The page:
INDEPENDENCE, Mo. — A federal grand jury has subpoenaed records of discussions that took place behind closed doors in Independence.
Through an open records request to the city Monday, the I-Team learned the grand jury in March requested the minutes from three executive sessions.
The three meetings under review are from Dec. 19, 2016; May 15, 2017; and October 2017.
While the grand jury's request doesn't specify what it's looking for, two of the meetings were regarding the Missouri City Power Plant.
During the meeting from October, members of the City Council voted on the purchase of the Rockwood Golf Club.
Karen DeLuccie, Independence City Council member at large, said she's not surprised by the inquiry.
"I had a lot of questions about the two items that everybody is talking about: Missouri City Power Plant and Rockwood Golf purchase," DeLuccie said.
In 2018, the I-Team raised questions about the projects after discovering a receipt that showed council members Curt Dougherty, Tom Van Camp and John Perkins all dined out to discuss the project. John Carnes, a local attorney who spent time in prison for bribing a council member, also was listed on the receipt.
The plan to demolish Missouri City Power Plant was controversial from the start. The power plant was isolated in a desolate area and had been deemed safe by the Environmental Protection Agency.
Still, a majority of the City Council voted to move forward with the project. The council skipped standard practices during the bidding process and hired the highest bidder to do the job for nearly $10 million, even though the price was nearly twice as high as that from another company that was deemed qualified to do the job by the Independence Public Utilities Advisory Board.
DeLuccie and Scott Roberson were the only members of the council who voted against the project.
"EPA was not requiring us to do anything," Roberson said in 2018. "So, my position was why spend 10 million dollars?"
In 2018, the I-Team also reported on the controversy surrounding the Rockwood Golf Club that the city purchased for $985,000 to expand the city's solar community.
DeLuccie and Roberson expressed concerns about the people involved in the deal.
"I've no doubt something's going on," DeLuccie said in 2018.
On Monday, DeLuccie said she wants one thing.
"The truth. Let's either vindicate what the council did or punish those that perhaps had misdeeds," DeLuccie said. "I've seen nothing that would vindicate what we did. I would think if there was a rational reason, rational explanation, it would've been disclosed to me in the past three years."
The records request issued by the I-Team Monday also revealed the FBI asked the city for receipts for reimbursement submitted on behalf of council members Dougherty, Van Camp, Perkins and Mike Huff during their time on the City Council.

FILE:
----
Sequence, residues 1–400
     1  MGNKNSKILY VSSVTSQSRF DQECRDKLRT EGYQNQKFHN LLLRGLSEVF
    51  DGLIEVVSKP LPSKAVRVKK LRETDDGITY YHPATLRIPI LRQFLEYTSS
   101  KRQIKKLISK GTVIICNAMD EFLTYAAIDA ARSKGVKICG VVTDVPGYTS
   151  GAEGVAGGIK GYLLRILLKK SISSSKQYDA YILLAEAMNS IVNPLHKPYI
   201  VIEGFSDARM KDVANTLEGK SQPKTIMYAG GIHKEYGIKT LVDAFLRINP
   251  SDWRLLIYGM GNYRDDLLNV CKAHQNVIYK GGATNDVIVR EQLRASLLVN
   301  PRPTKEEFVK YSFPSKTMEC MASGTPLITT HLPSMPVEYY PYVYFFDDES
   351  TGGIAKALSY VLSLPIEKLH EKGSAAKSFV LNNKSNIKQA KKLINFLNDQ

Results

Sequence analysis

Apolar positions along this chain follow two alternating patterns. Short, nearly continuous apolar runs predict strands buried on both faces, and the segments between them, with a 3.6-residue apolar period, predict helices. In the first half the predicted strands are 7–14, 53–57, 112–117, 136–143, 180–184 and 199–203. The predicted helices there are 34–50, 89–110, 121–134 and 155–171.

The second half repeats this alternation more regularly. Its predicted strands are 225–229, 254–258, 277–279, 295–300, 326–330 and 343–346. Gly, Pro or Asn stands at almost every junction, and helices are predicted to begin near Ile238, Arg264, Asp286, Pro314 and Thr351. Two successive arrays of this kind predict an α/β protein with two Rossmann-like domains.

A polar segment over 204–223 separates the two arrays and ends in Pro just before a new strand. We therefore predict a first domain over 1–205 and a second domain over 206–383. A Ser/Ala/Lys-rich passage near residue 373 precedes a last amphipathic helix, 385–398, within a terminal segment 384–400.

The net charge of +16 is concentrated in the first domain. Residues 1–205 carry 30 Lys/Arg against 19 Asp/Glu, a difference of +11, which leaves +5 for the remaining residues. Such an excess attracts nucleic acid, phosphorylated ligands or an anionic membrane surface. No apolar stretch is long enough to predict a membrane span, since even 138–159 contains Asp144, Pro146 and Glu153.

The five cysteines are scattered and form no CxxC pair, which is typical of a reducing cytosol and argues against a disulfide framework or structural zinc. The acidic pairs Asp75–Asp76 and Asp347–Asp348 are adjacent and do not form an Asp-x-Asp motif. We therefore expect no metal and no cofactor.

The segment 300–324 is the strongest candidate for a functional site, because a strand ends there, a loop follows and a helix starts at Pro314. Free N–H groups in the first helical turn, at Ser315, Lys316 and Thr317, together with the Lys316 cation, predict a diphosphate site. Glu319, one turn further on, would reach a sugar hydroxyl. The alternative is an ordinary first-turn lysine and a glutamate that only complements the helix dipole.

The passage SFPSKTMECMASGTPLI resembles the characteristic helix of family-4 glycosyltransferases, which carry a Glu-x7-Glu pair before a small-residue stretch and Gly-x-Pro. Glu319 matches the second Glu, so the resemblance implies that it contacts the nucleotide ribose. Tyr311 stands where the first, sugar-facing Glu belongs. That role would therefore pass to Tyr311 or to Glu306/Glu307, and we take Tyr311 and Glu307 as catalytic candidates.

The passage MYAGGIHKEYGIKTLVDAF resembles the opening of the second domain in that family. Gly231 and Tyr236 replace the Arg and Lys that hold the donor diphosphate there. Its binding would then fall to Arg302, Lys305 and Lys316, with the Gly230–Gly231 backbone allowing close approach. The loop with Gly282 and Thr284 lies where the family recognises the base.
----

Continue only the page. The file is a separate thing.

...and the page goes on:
Huff and Perkins have not submitted anything for reimbursement by the city during their time on the council.
Huff said he's not sure why the FBI is asking for the records. Van Camp, Dougherty and Perkins did not return calls to the I-Team.
City records show Dougherty and Van Camp often dined out using taxpayer dollars, which is allowed for purposes related to city business. Though Perkins never submitted receipts of his own, his name was often listed on receipts submitted by Van Camp and Dougherty.
The I-Team previously reported Van Camp also spent thousands of dollars on trips where he submitted requests to attend power conferences. The trips included rental cars, valet parking and room upgrades.
On one occasion, an expense report showed Van Camp requested to visit a power plant in McIntosh, Alabama. When Van Camp returned, he submitted receipts that showed he stayed in Panama City Beach. There's no record that he visited the power plant on file with the city. However, a rental car receipt showed there wouldn't have been enough mileage on the car to get him between cities.
The money to fund the trips came from Independence Power & Light, the city-owned utility. The Missouri City Power Plant and Rockwood projects also were funded by IPL.
Shortly after the I-Team's stories aired in 2018, DeLuccie said she was contacted by the FBI, who asked her questions about Missouri City and Rockwood.
DeLuccie said, on behalf of citizens in Independence, she wants to know why the projects moved forward.
"It's your government," DeLuccie said. "We're in charge of millions of dollars of the citizen's money. I think it's important they know how it was spent."
When the I-Team asked DeLuccie to explain the importance of holding meetings within the public's view and what could go wrong when that doesn't happen, she responded with, "Missouri City."
The FBI would not confirm nor deny if an investigation is taking place or who the subject(s) of that investigation might be.
A grand jury evaluates information from the FBI and discusses with prosecutors whether an indictment would be warranted.
"I think (the FBI) must be getting close," DeLuccie said. "I know they did Freedom of Information requests in the past, but this was the first word I received of an actual subpoena, which tells me it's an active investigation and they're getting close."